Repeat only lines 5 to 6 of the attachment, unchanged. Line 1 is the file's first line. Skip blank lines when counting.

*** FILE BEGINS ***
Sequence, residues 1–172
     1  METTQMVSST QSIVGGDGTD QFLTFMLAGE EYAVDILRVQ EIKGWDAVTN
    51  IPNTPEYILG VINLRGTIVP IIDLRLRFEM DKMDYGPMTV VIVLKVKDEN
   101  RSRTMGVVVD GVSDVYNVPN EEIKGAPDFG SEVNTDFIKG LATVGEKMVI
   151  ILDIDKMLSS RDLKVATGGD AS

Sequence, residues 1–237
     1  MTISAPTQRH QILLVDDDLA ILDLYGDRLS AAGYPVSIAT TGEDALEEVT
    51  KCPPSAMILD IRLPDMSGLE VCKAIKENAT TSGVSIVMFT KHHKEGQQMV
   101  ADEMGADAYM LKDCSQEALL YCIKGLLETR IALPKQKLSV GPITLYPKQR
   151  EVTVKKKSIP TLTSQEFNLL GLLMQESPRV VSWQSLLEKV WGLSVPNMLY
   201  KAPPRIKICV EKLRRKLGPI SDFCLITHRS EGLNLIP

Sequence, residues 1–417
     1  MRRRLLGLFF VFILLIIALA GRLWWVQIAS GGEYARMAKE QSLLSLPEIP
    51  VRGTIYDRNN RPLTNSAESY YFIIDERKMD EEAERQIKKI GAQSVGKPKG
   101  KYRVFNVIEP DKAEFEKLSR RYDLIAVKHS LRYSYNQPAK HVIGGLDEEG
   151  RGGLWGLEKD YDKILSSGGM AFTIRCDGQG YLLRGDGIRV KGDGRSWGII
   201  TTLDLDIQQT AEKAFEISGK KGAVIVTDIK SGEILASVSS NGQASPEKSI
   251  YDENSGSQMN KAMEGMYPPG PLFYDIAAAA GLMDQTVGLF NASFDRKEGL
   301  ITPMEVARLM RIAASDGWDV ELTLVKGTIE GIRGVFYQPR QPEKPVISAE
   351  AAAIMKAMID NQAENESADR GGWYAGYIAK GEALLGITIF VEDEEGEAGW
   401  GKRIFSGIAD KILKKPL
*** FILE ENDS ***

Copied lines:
   151  ILDIDKMLSS RDLKVATGGD AS

Sequence, residues 1–237